Big cost savings to be realised through treatment plant rationalisation

Next week we will put the smaller of two treatment plants that process water from the Waikato River into standby mode until early 2025, resulting in annual savings of about $4 million.
The ‘Waikato 50’ plant was designed and built very quickly in response to Auckland’s severe drought of 2020 and has been operating for the past two years. It sits alongside our original treatment plant near Tuakau.
Chief operations officer Mark Bourne says the company had originally planned to deliver a second treatment plant in 2026, but the drought prompted the company to bring forward its construction.
“Not all water sources are equal when it comes to droughts,” Bourne explains. “While water storage dams are greatly impacted by drought, a lot of rivers and underground aquifers can withstand months of dry weather. So, back in 2020, we set about increasing the volume of water we could treat from rivers and aquifers.
Bourne says the incredibly wet weather Auckland has experienced over the past 10 months mean Auckland’s dams have stayed above 95% full since July last year.
“For a few months after the January storm, our Huia Water Treatment Plant – which treats water from four of our Waitākere dams – was operating at a reduced capacity because of the increased turbidity (dirtiness) in the dam water caused by multiple landslips.
“Now that it’s operating at its normal production levels, and dam storage remains very high, we can take the Waikato 50 plant offline and put it on standby to achieve considerable cost savings.”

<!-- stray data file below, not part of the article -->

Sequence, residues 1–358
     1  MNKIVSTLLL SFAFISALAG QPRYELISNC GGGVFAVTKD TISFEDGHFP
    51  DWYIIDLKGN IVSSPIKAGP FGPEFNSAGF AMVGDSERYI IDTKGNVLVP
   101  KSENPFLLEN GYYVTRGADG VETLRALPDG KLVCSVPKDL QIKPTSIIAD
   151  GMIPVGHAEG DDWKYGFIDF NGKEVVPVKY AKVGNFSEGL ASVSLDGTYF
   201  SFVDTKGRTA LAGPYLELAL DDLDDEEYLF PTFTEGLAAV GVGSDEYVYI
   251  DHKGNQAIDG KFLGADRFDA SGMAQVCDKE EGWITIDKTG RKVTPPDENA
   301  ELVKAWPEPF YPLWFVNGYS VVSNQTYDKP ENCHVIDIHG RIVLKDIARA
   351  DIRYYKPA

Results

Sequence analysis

Operational costs at the Waikato 50 treatment plant are higher as it requires more manual monitoring and intervention.
“The cost of chemicals needed to treat water from the Waikato River are also significant. For example, we use significant amounts of carbon dioxide, which has more than quadrupled in the past year after the closure of the Marsden Point Oil Refinery and its CO2 plant,” Bourne says.
“The Waikato 50 plant has served Auckland well over the past two years. But with the drought firmly behind us, we can return to our original plan of having the second plant up and running in a few years’ time.
“It’s important to stress that the Waikato 50 plant will be maintained in a state of readiness so it can return to service if needed – for example, if we experience another drought. This means our operators will continue to check its equipment regularly to ensure everything remains in good operational condition.
“Our newest Waikato River resource consent, which we activated in January, enables us to take full advantage of our original Waikato Water Treatment Plant. This means we can currently treat up to 168 million litres of water a day from the Waikato River year-round. Previously, we could only plan to treat up to 127.5 million litres a day in summer. The increase of around 40 million litres of water a day is the same as the long-run capacity of the Waikato 50 plant – only the original plant costs less to operate. This will make a tremendous difference in terms of keeping our total water supply situation stable.”
When the Waikato 50 is brought back into service in early 2025, we will be able to treat up to 225 million litres of water a day from the river. In the 2030s, the company will transform the Waikato 50 plant into the permanent Waikato A Water Treatment Plant and install a second pipeline from Tuakau to the city. Ultimately, Auckland will receive up to 300 million litres of water a day from the Waikato River.